“Every single source of revenue is going down. Our major source is income tax. We’ve lost population. We’ve got unemployment, and foreclosures. It’s a prescription for not having enough resources.”
He also said, “The crime rate bothers me and saddens me. It challenges us.”
Setting the budget is the top priority of city council, a task which has been a huge challenge for Detroit. “When we get to the point we ask ‘what are the core services,’ it’s a difficult conversation to have. We have to set the police and fire budgets, but we also have to keep the lights on.”
One way Detroit has saved money is by privatizing some services. “It’s a case by case challenge. Privatizing doesn’t always save money,” Pugh said. “I’m not anti-privatization, but it should be done the right way, not for a short term savings. If a credible, data-based case can be made I’m not opposed to it.”
One big debate in the city has been the threat of having an Emergency Financial Manager instituted by the state. In the face of such threats, Mayor Dave Bing agreed to a consent decree with the state that Pugh disagreed with. “We don’t need an intervention. We need assistance, but we don’t need a take over,” the council president said. “We can manage our own way through this.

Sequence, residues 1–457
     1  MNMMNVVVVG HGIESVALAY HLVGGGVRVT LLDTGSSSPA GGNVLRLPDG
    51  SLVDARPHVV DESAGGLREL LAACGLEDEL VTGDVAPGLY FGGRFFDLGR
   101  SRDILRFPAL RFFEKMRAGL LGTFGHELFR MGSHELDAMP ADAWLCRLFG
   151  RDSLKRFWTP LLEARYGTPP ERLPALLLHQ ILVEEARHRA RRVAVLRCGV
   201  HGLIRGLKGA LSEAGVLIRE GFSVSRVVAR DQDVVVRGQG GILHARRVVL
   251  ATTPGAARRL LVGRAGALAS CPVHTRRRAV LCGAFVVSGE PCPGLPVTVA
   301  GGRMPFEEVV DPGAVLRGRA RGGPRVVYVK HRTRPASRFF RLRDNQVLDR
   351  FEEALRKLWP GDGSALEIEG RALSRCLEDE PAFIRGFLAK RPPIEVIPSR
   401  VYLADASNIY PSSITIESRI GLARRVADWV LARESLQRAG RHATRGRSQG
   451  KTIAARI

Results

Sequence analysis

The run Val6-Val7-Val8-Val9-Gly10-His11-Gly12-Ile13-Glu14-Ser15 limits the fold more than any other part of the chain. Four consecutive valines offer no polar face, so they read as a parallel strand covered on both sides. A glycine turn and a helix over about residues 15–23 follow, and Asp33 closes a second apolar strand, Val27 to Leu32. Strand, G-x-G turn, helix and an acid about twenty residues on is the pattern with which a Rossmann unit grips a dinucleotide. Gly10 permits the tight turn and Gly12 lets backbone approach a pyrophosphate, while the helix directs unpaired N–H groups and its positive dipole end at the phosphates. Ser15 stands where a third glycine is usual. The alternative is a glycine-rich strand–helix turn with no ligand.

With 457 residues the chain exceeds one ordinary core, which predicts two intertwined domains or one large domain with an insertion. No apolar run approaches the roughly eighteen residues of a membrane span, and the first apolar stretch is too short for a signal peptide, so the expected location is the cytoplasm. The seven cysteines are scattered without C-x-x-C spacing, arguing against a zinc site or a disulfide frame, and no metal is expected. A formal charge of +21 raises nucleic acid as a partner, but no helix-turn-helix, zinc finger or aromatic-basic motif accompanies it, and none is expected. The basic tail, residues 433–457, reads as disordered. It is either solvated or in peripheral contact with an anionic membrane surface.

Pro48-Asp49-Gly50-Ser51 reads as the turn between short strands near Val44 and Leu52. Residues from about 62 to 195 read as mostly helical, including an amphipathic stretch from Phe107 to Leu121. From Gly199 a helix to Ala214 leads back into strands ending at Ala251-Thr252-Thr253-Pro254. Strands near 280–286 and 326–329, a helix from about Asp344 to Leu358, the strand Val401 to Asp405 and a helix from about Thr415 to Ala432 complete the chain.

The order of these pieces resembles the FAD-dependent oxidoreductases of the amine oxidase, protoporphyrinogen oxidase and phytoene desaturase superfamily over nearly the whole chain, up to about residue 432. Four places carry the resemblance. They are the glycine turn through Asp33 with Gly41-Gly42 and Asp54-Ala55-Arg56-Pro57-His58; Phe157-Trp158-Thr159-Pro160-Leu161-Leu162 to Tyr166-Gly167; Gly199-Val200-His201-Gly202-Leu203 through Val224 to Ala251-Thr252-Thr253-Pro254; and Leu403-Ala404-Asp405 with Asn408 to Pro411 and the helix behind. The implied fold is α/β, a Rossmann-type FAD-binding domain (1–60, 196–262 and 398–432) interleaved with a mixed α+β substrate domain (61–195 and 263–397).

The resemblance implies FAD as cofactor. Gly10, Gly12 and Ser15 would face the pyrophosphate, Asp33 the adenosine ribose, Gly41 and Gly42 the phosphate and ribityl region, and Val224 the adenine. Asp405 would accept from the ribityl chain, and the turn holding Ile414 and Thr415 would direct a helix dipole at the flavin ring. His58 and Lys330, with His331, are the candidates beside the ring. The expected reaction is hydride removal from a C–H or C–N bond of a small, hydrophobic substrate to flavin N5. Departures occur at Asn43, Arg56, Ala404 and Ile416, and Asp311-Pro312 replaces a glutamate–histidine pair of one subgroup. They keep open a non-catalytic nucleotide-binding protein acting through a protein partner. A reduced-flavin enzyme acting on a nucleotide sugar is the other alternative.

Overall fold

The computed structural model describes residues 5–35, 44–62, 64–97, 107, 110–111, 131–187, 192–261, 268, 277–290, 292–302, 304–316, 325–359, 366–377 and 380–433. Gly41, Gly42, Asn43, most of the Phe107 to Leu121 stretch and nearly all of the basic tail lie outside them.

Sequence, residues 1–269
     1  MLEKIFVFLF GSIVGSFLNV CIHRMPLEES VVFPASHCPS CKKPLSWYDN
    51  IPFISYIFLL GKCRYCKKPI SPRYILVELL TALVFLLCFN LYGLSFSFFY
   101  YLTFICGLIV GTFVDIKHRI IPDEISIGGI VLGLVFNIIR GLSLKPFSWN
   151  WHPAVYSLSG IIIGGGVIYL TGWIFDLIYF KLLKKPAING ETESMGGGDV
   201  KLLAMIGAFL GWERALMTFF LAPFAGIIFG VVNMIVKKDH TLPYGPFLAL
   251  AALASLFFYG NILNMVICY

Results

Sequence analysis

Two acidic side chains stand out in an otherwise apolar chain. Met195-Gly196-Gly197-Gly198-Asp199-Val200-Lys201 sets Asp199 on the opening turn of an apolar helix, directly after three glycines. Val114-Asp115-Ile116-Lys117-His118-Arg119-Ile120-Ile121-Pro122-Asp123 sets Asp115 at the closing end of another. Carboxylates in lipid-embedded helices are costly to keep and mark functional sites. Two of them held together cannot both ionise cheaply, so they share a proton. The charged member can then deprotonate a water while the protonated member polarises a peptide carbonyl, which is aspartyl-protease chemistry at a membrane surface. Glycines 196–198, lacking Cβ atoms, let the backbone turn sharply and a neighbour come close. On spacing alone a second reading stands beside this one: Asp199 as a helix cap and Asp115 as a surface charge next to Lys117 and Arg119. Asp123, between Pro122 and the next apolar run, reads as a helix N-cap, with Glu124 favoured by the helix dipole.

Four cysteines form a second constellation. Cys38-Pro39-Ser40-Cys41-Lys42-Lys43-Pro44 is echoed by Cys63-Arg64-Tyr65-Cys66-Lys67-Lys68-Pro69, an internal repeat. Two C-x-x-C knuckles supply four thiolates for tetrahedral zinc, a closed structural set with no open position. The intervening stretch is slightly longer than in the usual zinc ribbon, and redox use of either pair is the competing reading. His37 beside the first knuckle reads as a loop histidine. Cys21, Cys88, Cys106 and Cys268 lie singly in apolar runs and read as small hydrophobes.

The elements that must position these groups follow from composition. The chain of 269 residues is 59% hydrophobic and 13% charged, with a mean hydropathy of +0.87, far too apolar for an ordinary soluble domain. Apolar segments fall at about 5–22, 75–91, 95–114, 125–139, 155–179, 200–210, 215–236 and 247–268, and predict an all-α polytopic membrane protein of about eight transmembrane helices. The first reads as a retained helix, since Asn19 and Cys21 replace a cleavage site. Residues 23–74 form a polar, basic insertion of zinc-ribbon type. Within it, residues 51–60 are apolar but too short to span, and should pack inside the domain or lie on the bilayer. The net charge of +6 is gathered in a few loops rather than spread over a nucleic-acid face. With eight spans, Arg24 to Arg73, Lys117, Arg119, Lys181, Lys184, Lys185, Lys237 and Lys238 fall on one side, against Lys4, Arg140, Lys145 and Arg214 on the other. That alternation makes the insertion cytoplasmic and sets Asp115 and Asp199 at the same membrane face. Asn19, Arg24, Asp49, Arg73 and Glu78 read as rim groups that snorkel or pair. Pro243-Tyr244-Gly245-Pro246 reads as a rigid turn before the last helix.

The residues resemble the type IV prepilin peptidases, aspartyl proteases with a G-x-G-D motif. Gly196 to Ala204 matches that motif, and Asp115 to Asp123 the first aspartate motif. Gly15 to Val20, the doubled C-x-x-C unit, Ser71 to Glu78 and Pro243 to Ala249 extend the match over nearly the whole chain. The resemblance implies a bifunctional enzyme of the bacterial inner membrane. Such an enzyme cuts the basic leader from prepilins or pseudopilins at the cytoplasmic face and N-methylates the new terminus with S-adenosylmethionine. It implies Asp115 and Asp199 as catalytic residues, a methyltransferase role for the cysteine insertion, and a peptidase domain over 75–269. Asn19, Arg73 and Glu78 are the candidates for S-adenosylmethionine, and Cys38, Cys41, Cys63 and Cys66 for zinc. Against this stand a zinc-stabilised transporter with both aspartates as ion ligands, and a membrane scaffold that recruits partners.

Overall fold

“…Because of bad decision making in the Mayor’s office we were on a collision course… He should have had a deficit-elimination plan…If I were Mayor I would have been much more proactive in working to create a deficit elimination plan that was sustainable and worked. There was not enough focused effort by the Mayor’s office.”
Pugh said that city council has taken steps towards improved financial solvency, including passing a balanced budget with money set aside towards deficit elimination. They have ordered a mid-year financial review to determine if city administrators are staying on task. And they have instituted a collective purchasing policy for supplies, where all departments are required to purchase things like copiers, office supplies, cleaning supplies and other necessities with bulk pricing unless they can find those items cheaper elsewhere.